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Int Immunol. 2004 Jan;16(1):23-32.

Differential regulation of NK cell proliferation by type I and type II IFN.

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  • 1Department of Microbiology and Immunology, Kimmel Cancer Center, Jefferson Medical College, Philadelphia, PA 19107, USA.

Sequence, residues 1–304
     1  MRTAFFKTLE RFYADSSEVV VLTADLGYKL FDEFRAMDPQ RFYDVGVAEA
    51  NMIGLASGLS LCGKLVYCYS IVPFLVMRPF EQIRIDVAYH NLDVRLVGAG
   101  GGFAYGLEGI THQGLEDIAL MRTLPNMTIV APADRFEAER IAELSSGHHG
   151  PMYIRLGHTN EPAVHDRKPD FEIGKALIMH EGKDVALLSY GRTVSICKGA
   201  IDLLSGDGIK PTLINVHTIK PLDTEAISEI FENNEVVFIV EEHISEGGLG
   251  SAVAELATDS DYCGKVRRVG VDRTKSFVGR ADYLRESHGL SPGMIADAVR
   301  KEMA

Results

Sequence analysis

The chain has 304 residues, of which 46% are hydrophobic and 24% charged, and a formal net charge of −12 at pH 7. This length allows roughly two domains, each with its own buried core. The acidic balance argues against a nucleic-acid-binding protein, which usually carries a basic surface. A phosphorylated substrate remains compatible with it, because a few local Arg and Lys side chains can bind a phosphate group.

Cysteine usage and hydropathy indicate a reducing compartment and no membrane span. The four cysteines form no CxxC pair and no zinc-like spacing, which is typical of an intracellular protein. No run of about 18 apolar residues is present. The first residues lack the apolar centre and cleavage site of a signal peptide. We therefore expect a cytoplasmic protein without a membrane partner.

IFN, produced during viral infections by accessory (type I IFN) or NK cells (type II IFN), play a primary role in the regulation of immune and anti-viral NK cell effector functions. Because IFN have anti-proliferative effects on several cell types, including hematopoietic cells, we asked whether they modulate proliferation of human NK cells, and whether IFN-alpha and IFN-gamma mediate distinct effects on NK cells at different developmental stages. Analysis of proliferation at the single-cell level in human NK cells indicated that both IFN types inhibit IL-4-induced accumulation of immature CD56(-) IL-13(+) NK cells in freshly separated peripheral blood lymphocytes and in cells derived from them after short-term cultures. However, IFN-gamma inhibited specifically the IL-4-dependent proliferation of these cells without affecting the IL-2-dependent one or that of the IL-13(-) cells, whereas IFN-alpha attenuated proliferation of NK cells at any developmental stage (both immature CD56(-)IL-13(+) and mature CD56(+)IL-13(-) IFN-gamma(+) NK cells) and contributed to their monokine-induced differentiation to IFN-gamma-producing cells. Adding to our previous report that IL-13 inhibits accumulation of mature IFN-gamma(+) NK cells, the present data unravel a mechanism by which peripheral immature IL-13(+) and mature IFN-gamma(+) NK cells can negatively regulate each other's accumulation.

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